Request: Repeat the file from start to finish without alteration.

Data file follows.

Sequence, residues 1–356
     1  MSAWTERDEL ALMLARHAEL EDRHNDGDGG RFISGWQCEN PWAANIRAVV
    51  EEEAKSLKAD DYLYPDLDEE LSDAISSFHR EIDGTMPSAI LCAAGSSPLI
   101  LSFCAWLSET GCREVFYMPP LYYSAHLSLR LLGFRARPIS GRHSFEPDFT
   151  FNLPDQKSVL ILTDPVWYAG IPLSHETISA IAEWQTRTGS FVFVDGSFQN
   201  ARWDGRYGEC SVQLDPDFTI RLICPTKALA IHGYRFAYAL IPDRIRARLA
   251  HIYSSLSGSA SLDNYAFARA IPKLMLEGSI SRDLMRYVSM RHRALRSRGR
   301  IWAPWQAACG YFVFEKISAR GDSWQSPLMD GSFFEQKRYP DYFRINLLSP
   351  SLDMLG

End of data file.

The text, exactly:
Sequence, residues 1–356
     1  MSAWTERDEL ALMLARHAEL EDRHNDGDGG RFISGWQCEN PWAANIRAVV
    51  EEEAKSLKAD DYLYPDLDEE LSDAISSFHR EIDGTMPSAI LCAAGSSPLI
   101  LSFCAWLSET GCREVFYMPP LYYSAHLSLR LLGFRARPIS GRHSFEPDFT
   151  FNLPDQKSVL ILTDPVWYAG IPLSHETISA IAEWQTRTGS FVFVDGSFQN
   201  ARWDGRYGEC SVQLDPDFTI RLICPTKALA IHGYRFAYAL IPDRIRARLA
   251  HIYSSLSGSA SLDNYAFARA IPKLMLEGSI SRDLMRYVSM RHRALRSRGR
   301  IWAPWQAACG YFVFEKISAR GDSWQSPLMD GSFFEQKRYP DYFRINLLSP
   351  SLDMLG